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GoalOpinion/AssertionPostRead the criticism in this module [below], entitled, “G.K. Chesterton Criticism: A Midsummer Night’s Dream” and share your ideas about the criticism in a discussion post (you MUST quote the passage). The post is meant to be a response specifically to THIS CRITICISM. So write at least three full paragraphs [or more if you wish] on this criticism [in relation to the play] for the full 20 points.GradingClick on the rubric to see how the discussion will be graded.A Midsummer Night’s Dreamhttps://www.chesterton.org/midsummer-nights-dream/ (Links to an external site.)The greatest of Shakespeare’s comedies, in Chesterton’s opinionThe greatest of Shakespeare’s comedies is also, from a certain point of view, the greatest of his plays. No one would maintain that it occupied this position in the matter of psychological study if by psychological study we mean the study of individual characters in a play. No one would maintain that Puck was a character in the sense that Falstaff is a character, or that the critic stood awed before the psychology of Peaseblossom. But there is a sense in which the play is perhaps a greater triumph of psychology than Hamlet itself. It may well be questioned whether in any other literary work in the world is so vividly rendered a social and spiritual atmosphere. There is an atmosphere in Hamlet, for instance, a somewhat murky and even melodramatic one, but it is subordinate to the great character, and morally inferior to him; the darkness is only a background for the isolated star of intellect. But A Midsummer Night’s Dream is a psychological study, not of a solitary man, but of a spirit that unites mankind. The six men may sit talking in an inn; they may not know each other’s names or see each other’s faces before or after, but night or wine or great stories, or some rich and branching discussion may make them all at one, if not absolutely with each other, at least with that invisible seventh man who is the harmony of all of them. That seventh man is the hero of A Midsummer Night’s Dream.A study of the play from a literary or philosophical point of view must therefore be founded upon some serious realisation of what this atmosphere is. In a lecture upon As You Like It, Mr. Bernard Shaw made a suggestion which is an admirable example of his amazing ingenuity and of his one most interesting limitation. In maintaining that the light sentiment and optimism of the comedy were regarded by Shakespeare merely as the characteristics of a more or less cynical pot-boiler, he actually suggested that the title “As You Like It” was a taunting address to the public in disparagement of their taste and the dramatist’s own work. If Mr. Bernard Shaw had conceived of Shakespeare as insisting that Ben Jonson should wear Jaeger underclothing or join the Blue Ribbon Army, or distribute little pamphlets for the non-payment of rates, he could scarcely have conceived anything more violently opposed to the whole spirit of Elizabethan comedy than the spiteful and priggish modernism of such a taunt. Shakespeare might make the fastidious and cultivated Hamlet, moving in his own melancholy and purely mental world, warn players against an over-indulgence towards the rabble. But the very soul and meaning of the great comedies is that of an uproarious communion between the public and the play, a communion so chaotic that whole scenes of silliness and violence lead us almost to think that some of the “rowdies” from the pit have climbed over the footlights. The title “As you Like It”, is, of course, an expression of utter carelessness, but it is not the bitter carelessness which Mr. Bernard Shaw fantastically reads into it; it is the god-like and inexhaustible carelessness of a happy man. And the simple proof of this is that there are scores of these genially taunting titles scattered through the whole of Elizabethan comedy. Is “As You Like It” a title demanding a dark and ironic explanation in a school of comedy which called its plays “What You Will”, “A Mad World, My Masters”, “If It Be Not Good, the Devil Is In It”, “The Devil is an Ass”, “An Humorous Day’s Mirth”, and “A Midsummer Night’s Dream”? Every one of these titles is flung at the head of the public as a drunken lord might fling a purse at his footman. Would Mr. Shaw maintain that “If It Be Not Good, the Devil Is In It”, was the opposite of “As You Like It”, and was a solemn invocation of the supernatural powers to testify to the care and perfection of the literary workmanship? The one explanation is as Elizabethan as the other.Now in the reason for this modern and pedantic error lies the whole secret and difficulty of such plays as A Midsummer Night’s Dream. The sentiment of such a play, so far as it can be summed up at all, can be summed up in one sentence. It is the mysticism of happiness. That is to say, it is the conception that as man lives upon a borderland he may find himself in the spiritual or supernatural atmosphere, not only through being profoundly sad or meditative, but by being extravagantly happy. The soul might be rapt out of the body in an agony of sorrow, or a trance of ecstasy; but it might also be rapt out of the body in a paroxysm of laughter. Sorrow we know can go beyond itself; so, according to Shakespeare, can pleasure go beyond itself and become something dangerous and unknown. And the reason that the logical and destructive modern school, of which Mr. Bernard Shaw is an example, does not grasp this purely exuberant nature of the comedies is simply that their logical and destructive attitude have rendered impossible the very experience of this preternatural exuberance. We cannot realise As You Like It if we are always considering it as we understand it. We cannot have A Midsummer Night’s Dream if our one object in life is to keep ourselves awake with the black coffee of criticism. The whole question which is balanced, and balanced nobly and fairly, in A Midsummer Night’s Dream, is whether the life of waking, or the life of the vision, is the real life, the sine qua non of man. But it is difficult to see what superiority for the purpose of judging is possessed by people whose pride it is not to live the life of vision at all. At least it is questionable whether the Elizabethan did not know more about both worlds than the modern intellectual; it is not altogether improbable that Shakespeare would not only have had a clearer vision of the fairies, but would have shot very much straighter at a deer and netted much more money for his performances than a member of the Stage Society.In pure poetry and the intoxication of words, Shakespeare never rose higher than he rises in this play. But in spite of this fact, the supreme literary merit of A Midsummer Night’s Dream is a merit of design. The amazing symmetry, the amazing artistic and moral beauty of that design, can be stated very briefly. The story opens in the sane and common world with the pleasant seriousness of very young lovers and very young friends. Then, as the figures advance into the tangled wood of young troubles and stolen happiness, a change and bewilderment begins to fall on them. They lose their way and their wits for they are in the heart of fairyland. Their words, their hungers, their very figures grow more and more dim and fantastic, like dreams within dreams, in the supernatural mist of Puck. Then the dream-fumes begin to clear, and characters and spectators begin to awaken together to the noise of horns and dogs and the clean and bracing morning. Theseus, the incarnation of a happy and generous rationalism, expounds in hackneyed and superb lines the sane view of such psychic experiences, pointing out with a reverent and sympathetic scepticism that all these fairies and spells are themselves but the emanations, the unconscious masterpieces, of man himself. The whole company falls back into a splendid human laughter. There is a rush for banqueting and private theatricals, and over all these things ripples one of those frivolous and inspired conversations in which every good saying seems to die in giving birth to another. If ever the son of a man in his wanderings was at home and drinking by the fireside, he is at home in the house of Theseus. All the dreams have been forgotten, as a melancholy dream remembered throughout the morning might be forgotten in the human certainty of any other triumphant evening party; and so the play seems naturally ended. It began on the earth and it ends on the earth. Thus to round off the whole midsummer night’s dream in an eclipse of daylight is an effect of genius. But of this comedy, as I have said, the mark is that genius goes beyond itself; and one touch is added which makes the play colossal. Theseus and his train retire with a crashing finale, full of humour and wisdom and things set right, and silence falls on the house. Then there comes a faint sound of little feet, and for a moment, as it were, the elves look into the house, asking which is the reality. “Suppose we are the realities and they the shadows.” If that ending were acted properly any modern man would feel shaken to his marrow if he had to walk home from the theatre through a country lane.It is a trite matter, of course, though in a general criticism a more or less indispensable one to comment upon another point of artistic perfection, the extraordinarily human and accurate manner in which the play catches the atmosphere of a dream. The chase and tangle and frustration of the incidents and personalities are well known to every one who has dreamt of perpetually falling over precipices or perpetually missing trains. While following out clearly and legally the necessary narrative of the drama, the author contrives to include every one of the main peculiarities of the exasperating dream. Here is the pursuit of the man we cannot catch, the flight from the man we cannot see; here is the perpetual returning to the same place, here is the crazy alteration in the very objects of our desire, the substitution of one face for another face, the putting of the wrong souls in the wrong bodies, the fantastic disloyalties of the night, all this is as obvious as it is important. It is perhaps somewhat more -worth remarking that there is about this confusion of comedy yet another essential characteristic of dreams. A dream can commonly be described as possessing an utter discordance of incident combined with a curious unity of mood; everything changes but the dreamer. It may begin with anything and end with anything, but if the dreamer is sad at the end he will be sad as if by prescience at the beginning; if he is cheerful at the beginning he will be cheerful if the stars fall. A Midsummer Night’s Dream has in a most singular degree effected this difficult, this almost desperate subtlety. The events in the wandering wood are in themselves, and regarded as in broad daylight, not merely melancholy but bitterly cruel and ignominious. But yet by the spreading of an atmosphere as magic as the fog of Puck, Shakespeare contrives to make the whole matter mysteriously hilarious while it is palpably tragic, and mysteriously charitable, while it is in itself cynical. He contrives somehow to rob tragedy and treachery of their full sharpness, just as a toothache or a deadly danger from a tiger, or a precipice, is robbed of its sharpness in a pleasant dream. The creation of a brooding sentiment like this, a sentiment not merely independent of but actually opposed to the events, is a much greater triumph of art than the creation of the character of Othello.It is difficult to approach critically so great a figure as that of Bottom the Weaver. He is greater and more mysterious than Hamlet, because the interest of such men as Bottom consists of a rich subconsciousness, and that of Hamlet in the comparatively superficial matter of a rich consciousness. And it is especially difficult in the present age which has become hag-ridden with the mere intellect. We are the victims of a curious confusion whereby being great is supposed to have something to do with being clever, as if there were the smallest reason to suppose that Achilles was clever, as if there were not on the contrary a great deal of internal evidence to indicate that he was next door to a fool. Greatness is a certain indescribable but perfectly familiar and palpable quality of size in the personality, of steadfastness, of strong flavour, of easy and natural self-expression. Such a man is as firm as a tree and as unique as a rhinoceros, and he might quite easily be as stupid as either of them. Fully as much as the great poet towers above the small poet the great fool towers above the small fool. We have all of us known rustics like Bottom the Weaver, men whose faces would be blank with idiocy if we tried for -ten days to explain the meaning of the National Debt, but who are yet great men, akin to Sigurd and Hercules, heroes of the morning of the earth, because their words were their own words, their memories their own memories, and their vanity as large and simple as a great hill. We have all of us known friends in our own circle, men whom the intellectuals might justly describe as brainless, but whose presence in a room was like a fire roaring in the grate changing everything, lights and shadows and the air, whose entrances and exits were in some strange fashion events, whose point of view once expressed haunts and persuades the mind and almost intimidates it, whose manifest absurdity clings to the fancy like the beauty of first-love, and whose follies are recounted like the legends of a paladin. These ate great men, there are millions of them in the world, though very few perhaps in the House of Commons. It is not in the cold halls of cleverness where celebrities seem to be important that we should look for the great. An intellectual salon is merely a training-ground for one faculty, and is akin to a fencing class or a rifle corps. It is in our own homes and environments, from Croydon to St. John’s Wood, in old nurses, and gentlemen with hobbies, and talkative spinisters and vast incomparable butlers, that we may feel the presence of that blood of the gods. And this creature so hard to describe, so easy to remember, the august and memorable fool, has never been so sumptuously painted as in the Bottom of A Midsummer Night’s Dream.Bottom has the supreme mark of this real greatness in that like the true saint or the true hero he only differs from humanity in being as it were more human than humanity. It is not true, as the idle materialists of today suggest, that compared to the majority of men the hero appears cold and dehumanised; it is the majority who appear cold and dehumanised in the presence of greatness. Bottom, like Don Quixote and Uncle Toby and Mr. Richard Swiveller and the rest of the Titans, has a huge and unfathomable weakness, his silliness is on a great scale, and when he blows his own trumpet it is like the trumpet of the Resurrection. The other rustics in the play accept his leadership not merely naturally but exuberantly; they have to the full that primary and savage unselfishness, that uproarious abnegation which makes simple men take pleasure in falling short of a hero, that unquestionable element of basic human nature which has never been expressed, outside this play, so perfectly as in the incomparable chapter at the beginning of Evan Harrington in which the praises of The Great Mel are sung with a lyric energy by the tradesmen whom he has cheated. Twopenny sceptics write of the egoism of primal human nature; it is reserved for great men like Shakespeare and Meredith to detect and make vivid this rude and subconscious unselfishness which is older than self. They alone with their insatiable tolerance can perceive all the spiritual devotion in the soul of a snob.And it is this natural play between the rich simplicity of Bottom and the simple simplicity of his comrades which constitutes the unapproachable excellence of the farcical scenes in this play. Bottom’s sensibility to literature is perfectly fiery and genuine, a great deal more genuine than that of a great many cultivated critics of literature – “the raging rocks, and shivering shocks shall break the locks of prison gates, and Phibbus’ car shall shine from far, and make and mar the foolish fates”, is exceedingly good poetical diction with a real throb and swell in it, and if it is slightly and almost imperceptibly deficient in the matter of sense, it is certainly every bit as sensible as a good many other rhetorical speeches in Shakespeare put into the mouths of kings and lovers and even the spirits of the dead. If Bottom liked cant for its own sake the fact only constitutes another point of sympathy between him and his literary creator. But the style of the thing, though deliberately bombastic and ludicrous, is quite literary, the alliteration falls like wave upon wave, and the whole verse, like a billow mounts higher and higher before it crashes. There is nothing mean about this folly; nor is there in the whole realm of literature a figure so free from vulgarity. The man vitally base and foolish sings “The Honeysuckle and the Bee”; he does not rant about “raging rocks” and “the car of Phibbus”. Dickens, who more perhaps than any modern man had the mental hospitality and the thoughtless wisdom of Shakespeare, perceived and expressed admirably the same truth. He perceived, that is to say, that quite indefensible idiots have very often a real sense of, and enthusiasm for letters. Mr. Micawber loved eloquence and poetry with his whole immortal soul; words and visionary pictures kept him alive in the absence of food and money, as they might have kept a saint fasting in a desert. Dick Swiveller did not make his inimitable quotations from Moore and Byron merely as flippant digressions. He made them because he loved a great school of poetry. The sincere love of books has nothing to do with cleverness or stupidity any more than any other sincere love. It is a quality of character, a freshness, a power of pleasure, a power of faith. A silly person may delight in reading masterpieces just as a silly person may delight in picking flowers. A fool may be in love with a poet as he may be in love with a woman. And the triumph of Bottom is that he loves rhetoric and his own taste in the arts, and this is all that can be achieved by Theseus, or for the matter of that by Cosimo di Medici. It is worth remarking as an extremely fine touch in the picture of Bottom that his literary taste is almost everywhere concerned with sound rather than sense. He begins the rehearsal with a boisterous readiness, “Thisby, the flowers of odious savours sweete.” “Odours, odours,” says Quince, in remonstrance, and the word is accepted in accordance with the cold and heavy rules which require an element of meaning in a poetical passage. But “Thisby, the flowers of odious savours sweete”, Bottom’s version, is an immeasurably finer and more resonant line. The “i” which he inserts is an inspiration of metricism.There is another aspect of this great play which ought to be kept familiarly in the mind. Extravagant as is the masquerade of the story, it is a very perfect aesthetic harmony down to such <coup-de-maître> as the name of Bottom, or the flower called Love in Idleness. In the whole matter it may be said that there is one accidental discord; that is in the name of Theseus, and the whole city of Athens in which the events take place. Shakespeare’s description of Athens in A Midsummer Night’s Dream is the best description of England that he or any one else ever wrote. Theseus is quite obviously only an English squire, fond of hunting, kindly to his tenants, hospitable with a certain flamboyant vanity. The mechanics are English mechanics, talking to each other with the queer formality of the poor. Above all, the fairies are English; to compare them with the beautiful patrician spirits of Irish legend, for instance, is suddenly to discover that we have, after all, a folk-lore and a mythology, or had it at least in Shakespeare’s day. Robin Goodfellow, upsetting the old women’s ale, or pulling the stool from under them, has nothing of the poignant Celtic beauty; his is the horse-play of the invisible world. Perhaps it is some debased inheritance of English life which makes American ghosts so fond of quite undignified practical jokes. But this union of mystery with farce is a note of the medieval English. The play is the last glimpse of Merrie England, that distant but shining and quite indubitable country. It would be difficult indeed to define wherein lay the peculiar truth of the phrase “merrie England”, though some conception of it is quite necessary to the comprehension of A Midsummer Night’s Dream. In some cases at least, it may be said to lie in this, that the English of the Middle Ages and the Renaissance, unlike the England of today, could conceive of the idea of a merry supernaturalism. Amid all the great work of Puritanism the damning indictment of it consists in one fact, that there was one only of the fables of Christendom that it retained and renewed, and that was the belief in witchcraft. It cast away the generous and wholesome superstition, it approved only of the morbid and the dangerous. In their treatment of the great national fairy-tale of good and evil, the Puritans killed St. George but carefully preserved the Dragon, And this seventeenth-century tradition of dealing with the psychic life still lies like a great shadow over England and America, so that if we glance at a novel about occultism we may be perfectly certain that it deals with sad or evil destiny. Whatever else we expect we certainly should never expect to find in it spirits such as those in <Aylwin> as inspirers of a tale of tomfoolery like the Wrong Box or The Londoners. That impossibility is the disappearance of “merrie England” and Robin Goodfellow. It was a land to us incredible, the land of a jolly occultism where the peasant cracked jokes with his patron saint, and only cursed the fairies good-humouredly, as he might curse a lazy servant. Shakespeare is English in everything, above all in his weaknesses. just as London, one of the greatest cities in the world, shows more slums and hides more beauties than any other, so Shakespeare alone among the four giants of poetry is a careless writer, and lets us come upon his splendours by accident, as we come upon an old City church in the twist of a city street. He is English in nothing so much as in that noble cosmopolitan unconsciousness which makes him look eastward with the eyes of a child towards Athens or Verona. He loved to talk of the glory of foreign lands, but he talked of them with the tongue and unquenchable spirit of England. It is too much the custom of a later patriotism to reverse this method and talk of England from morning till night, but to talk of her in a manner totally un-English. Casualness, incongruities, and a certain fine absence of mind are in the temper of England; the unconscious man with the ass’s head is no bad type of the people. Materialistic philosophers and mechanical politicians have certainly succeeded in some cases in giving him a greater unity. The only question is, to which animal has he been thus successfully conformed?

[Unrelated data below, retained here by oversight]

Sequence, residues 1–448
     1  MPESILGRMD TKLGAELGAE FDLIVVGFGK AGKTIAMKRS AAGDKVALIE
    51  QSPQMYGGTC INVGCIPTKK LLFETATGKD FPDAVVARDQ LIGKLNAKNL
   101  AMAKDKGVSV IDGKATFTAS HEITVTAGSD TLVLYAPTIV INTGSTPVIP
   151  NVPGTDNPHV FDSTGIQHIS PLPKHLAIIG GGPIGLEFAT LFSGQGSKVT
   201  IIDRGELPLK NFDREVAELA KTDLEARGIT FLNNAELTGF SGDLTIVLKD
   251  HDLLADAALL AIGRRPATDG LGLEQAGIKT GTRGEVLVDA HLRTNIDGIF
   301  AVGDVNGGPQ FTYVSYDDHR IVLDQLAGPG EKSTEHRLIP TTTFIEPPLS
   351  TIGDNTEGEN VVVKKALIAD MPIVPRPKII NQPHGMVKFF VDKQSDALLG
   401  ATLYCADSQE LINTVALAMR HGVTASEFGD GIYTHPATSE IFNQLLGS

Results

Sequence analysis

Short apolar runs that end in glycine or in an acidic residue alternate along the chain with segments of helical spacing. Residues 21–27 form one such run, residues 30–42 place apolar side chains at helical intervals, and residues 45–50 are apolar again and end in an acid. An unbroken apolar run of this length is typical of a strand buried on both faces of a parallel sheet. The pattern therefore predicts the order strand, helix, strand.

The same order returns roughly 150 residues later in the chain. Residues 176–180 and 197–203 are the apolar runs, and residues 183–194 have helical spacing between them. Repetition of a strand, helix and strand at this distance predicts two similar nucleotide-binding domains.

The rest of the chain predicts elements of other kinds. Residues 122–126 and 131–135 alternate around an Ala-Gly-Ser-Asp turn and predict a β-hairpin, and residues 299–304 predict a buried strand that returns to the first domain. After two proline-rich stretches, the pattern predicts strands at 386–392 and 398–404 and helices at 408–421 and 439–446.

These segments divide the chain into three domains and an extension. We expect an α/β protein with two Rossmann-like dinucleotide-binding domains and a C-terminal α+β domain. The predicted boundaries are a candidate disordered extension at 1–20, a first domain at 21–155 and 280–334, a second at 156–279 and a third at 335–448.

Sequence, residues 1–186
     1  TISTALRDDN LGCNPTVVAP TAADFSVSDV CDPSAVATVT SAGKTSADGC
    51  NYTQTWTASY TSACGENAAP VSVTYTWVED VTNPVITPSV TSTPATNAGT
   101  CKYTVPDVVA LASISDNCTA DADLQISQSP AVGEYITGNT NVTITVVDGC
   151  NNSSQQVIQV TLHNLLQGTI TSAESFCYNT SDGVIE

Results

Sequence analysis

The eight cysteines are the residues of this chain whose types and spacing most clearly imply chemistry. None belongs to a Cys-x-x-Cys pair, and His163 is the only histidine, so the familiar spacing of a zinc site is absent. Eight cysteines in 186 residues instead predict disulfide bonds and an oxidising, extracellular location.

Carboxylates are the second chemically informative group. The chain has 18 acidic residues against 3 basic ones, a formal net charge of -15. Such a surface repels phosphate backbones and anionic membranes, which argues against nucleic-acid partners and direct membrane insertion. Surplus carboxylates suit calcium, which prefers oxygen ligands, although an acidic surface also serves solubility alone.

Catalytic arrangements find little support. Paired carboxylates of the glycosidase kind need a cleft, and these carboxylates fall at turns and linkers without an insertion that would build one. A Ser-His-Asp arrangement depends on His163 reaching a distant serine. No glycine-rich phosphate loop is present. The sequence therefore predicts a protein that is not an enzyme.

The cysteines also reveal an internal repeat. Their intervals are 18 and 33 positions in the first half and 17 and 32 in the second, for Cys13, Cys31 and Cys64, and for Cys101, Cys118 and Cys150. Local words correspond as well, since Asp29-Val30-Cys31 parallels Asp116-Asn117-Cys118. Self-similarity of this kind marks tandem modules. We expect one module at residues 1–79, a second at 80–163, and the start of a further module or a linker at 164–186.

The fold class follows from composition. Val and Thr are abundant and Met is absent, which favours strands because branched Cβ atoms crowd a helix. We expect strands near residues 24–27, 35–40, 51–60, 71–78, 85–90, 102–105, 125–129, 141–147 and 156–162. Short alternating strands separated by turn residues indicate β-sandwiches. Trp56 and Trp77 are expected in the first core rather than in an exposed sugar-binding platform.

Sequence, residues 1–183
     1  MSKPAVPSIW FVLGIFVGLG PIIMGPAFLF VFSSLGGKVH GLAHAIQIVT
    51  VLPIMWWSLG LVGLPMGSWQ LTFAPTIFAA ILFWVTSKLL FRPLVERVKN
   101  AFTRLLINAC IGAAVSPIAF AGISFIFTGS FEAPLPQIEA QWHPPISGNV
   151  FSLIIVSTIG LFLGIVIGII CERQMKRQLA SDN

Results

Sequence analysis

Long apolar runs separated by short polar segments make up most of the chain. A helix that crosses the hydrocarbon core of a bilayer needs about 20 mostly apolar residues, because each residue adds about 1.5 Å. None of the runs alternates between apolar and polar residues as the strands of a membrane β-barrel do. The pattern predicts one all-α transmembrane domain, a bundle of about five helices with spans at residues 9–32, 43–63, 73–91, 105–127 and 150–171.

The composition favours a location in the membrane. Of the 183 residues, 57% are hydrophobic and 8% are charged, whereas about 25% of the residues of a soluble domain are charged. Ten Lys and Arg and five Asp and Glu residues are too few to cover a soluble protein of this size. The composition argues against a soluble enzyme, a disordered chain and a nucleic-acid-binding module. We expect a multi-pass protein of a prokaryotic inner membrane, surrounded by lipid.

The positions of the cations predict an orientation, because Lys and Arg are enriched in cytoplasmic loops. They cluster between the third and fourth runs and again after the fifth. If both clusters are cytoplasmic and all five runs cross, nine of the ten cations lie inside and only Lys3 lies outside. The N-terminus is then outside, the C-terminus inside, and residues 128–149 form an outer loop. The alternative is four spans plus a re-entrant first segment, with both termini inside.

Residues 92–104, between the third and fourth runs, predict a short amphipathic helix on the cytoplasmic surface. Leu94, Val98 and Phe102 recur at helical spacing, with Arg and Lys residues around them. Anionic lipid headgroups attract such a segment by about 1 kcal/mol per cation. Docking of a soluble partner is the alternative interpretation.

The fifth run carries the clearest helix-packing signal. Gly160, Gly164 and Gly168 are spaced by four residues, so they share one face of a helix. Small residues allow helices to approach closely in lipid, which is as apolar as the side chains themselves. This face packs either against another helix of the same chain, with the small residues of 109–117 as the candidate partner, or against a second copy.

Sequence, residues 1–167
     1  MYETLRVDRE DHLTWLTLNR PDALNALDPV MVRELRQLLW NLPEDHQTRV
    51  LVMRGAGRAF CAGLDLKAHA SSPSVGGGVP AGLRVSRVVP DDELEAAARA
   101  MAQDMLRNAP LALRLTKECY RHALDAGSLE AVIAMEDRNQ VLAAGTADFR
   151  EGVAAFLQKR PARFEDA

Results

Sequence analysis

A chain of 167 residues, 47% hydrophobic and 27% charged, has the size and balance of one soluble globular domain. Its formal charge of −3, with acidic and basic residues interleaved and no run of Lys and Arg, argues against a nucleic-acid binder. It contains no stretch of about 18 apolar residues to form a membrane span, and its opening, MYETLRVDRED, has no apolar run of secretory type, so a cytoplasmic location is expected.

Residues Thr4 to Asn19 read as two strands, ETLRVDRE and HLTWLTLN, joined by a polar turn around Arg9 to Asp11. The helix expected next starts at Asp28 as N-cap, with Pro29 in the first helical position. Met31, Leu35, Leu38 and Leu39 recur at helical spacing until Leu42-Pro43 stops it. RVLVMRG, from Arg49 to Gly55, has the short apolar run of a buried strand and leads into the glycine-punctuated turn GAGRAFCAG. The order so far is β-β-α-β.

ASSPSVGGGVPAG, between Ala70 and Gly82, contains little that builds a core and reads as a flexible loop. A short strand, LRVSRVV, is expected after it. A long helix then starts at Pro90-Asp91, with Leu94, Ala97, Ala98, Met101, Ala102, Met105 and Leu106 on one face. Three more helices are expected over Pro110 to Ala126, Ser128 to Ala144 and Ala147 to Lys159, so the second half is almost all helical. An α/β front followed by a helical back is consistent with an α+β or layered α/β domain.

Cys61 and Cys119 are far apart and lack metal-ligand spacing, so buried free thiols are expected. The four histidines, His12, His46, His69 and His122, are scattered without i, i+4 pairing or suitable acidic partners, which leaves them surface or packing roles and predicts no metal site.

SMC G K Chesterton Criticism of Shakespeare A Midsummer Night Dream Discussion